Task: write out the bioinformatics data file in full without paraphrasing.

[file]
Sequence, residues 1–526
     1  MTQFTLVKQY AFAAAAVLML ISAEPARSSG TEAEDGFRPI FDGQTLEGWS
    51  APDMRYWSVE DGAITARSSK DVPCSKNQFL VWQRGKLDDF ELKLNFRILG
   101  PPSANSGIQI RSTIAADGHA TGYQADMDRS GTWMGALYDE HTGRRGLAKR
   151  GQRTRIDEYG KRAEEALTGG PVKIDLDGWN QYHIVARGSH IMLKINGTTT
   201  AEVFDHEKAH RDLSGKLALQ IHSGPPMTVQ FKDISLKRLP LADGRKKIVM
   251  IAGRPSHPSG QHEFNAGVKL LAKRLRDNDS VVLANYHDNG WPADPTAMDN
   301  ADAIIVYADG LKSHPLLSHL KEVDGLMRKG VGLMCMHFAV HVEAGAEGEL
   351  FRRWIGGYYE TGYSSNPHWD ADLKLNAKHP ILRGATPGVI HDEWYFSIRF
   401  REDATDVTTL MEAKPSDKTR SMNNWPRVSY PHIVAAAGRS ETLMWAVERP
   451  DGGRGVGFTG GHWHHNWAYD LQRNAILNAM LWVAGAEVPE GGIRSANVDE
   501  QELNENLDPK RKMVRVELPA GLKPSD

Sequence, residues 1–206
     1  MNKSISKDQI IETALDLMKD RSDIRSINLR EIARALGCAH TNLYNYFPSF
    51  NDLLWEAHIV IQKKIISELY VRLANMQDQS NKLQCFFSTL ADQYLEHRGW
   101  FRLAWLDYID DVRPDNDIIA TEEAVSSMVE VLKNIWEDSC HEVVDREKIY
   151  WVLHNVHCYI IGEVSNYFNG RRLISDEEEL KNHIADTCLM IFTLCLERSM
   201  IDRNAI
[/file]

Sequence, residues 1–526
     1  MTQFTLVKQY AFAAAAVLML ISAEPARSSG TEAEDGFRPI FDGQTLEGWS
    51  APDMRYWSVE DGAITARSSK DVPCSKNQFL VWQRGKLDDF ELKLNFRILG
   101  PPSANSGIQI RSTIAADGHA TGYQADMDRS GTWMGALYDE HTGRRGLAKR
   151  GQRTRIDEYG KRAEEALTGG PVKIDLDGWN QYHIVARGSH IMLKINGTTT
   201  AEVFDHEKAH RDLSGKLALQ IHSGPPMTVQ FKDISLKRLP LADGRKKIVM
   251  IAGRPSHPSG QHEFNAGVKL LAKRLRDNDS VVLANYHDNG WPADPTAMDN
   301  ADAIIVYADG LKSHPLLSHL KEVDGLMRKG VGLMCMHFAV HVEAGAEGEL
   351  FRRWIGGYYE TGYSSNPHWD ADLKLNAKHP ILRGATPGVI HDEWYFSIRF
   401  REDATDVTTL MEAKPSDKTR SMNNWPRVSY PHIVAAAGRS ETLMWAVERP
   451  DGGRGVGFTG GHWHHNWAYD LQRNAILNAM LWVAGAEVPE GGIRSANVDE
   501  QELNENLDPK RKMVRVELPA GLKPSD

Sequence, residues 1–206
     1  MNKSISKDQI IETALDLMKD RSDIRSINLR EIARALGCAH TNLYNYFPSF
    51  NDLLWEAHIV IQKKIISELY VRLANMQDQS NKLQCFFSTL ADQYLEHRGW
   101  FRLAWLDYID DVRPDNDIIA TEEAVSSMVE VLKNIWEDSC HEVVDREKIY
   151  WVLHNVHCYI IGEVSNYFNG RRLISDEEEL KNHIADTCLM IFTLCLERSM
   201  IDRNAI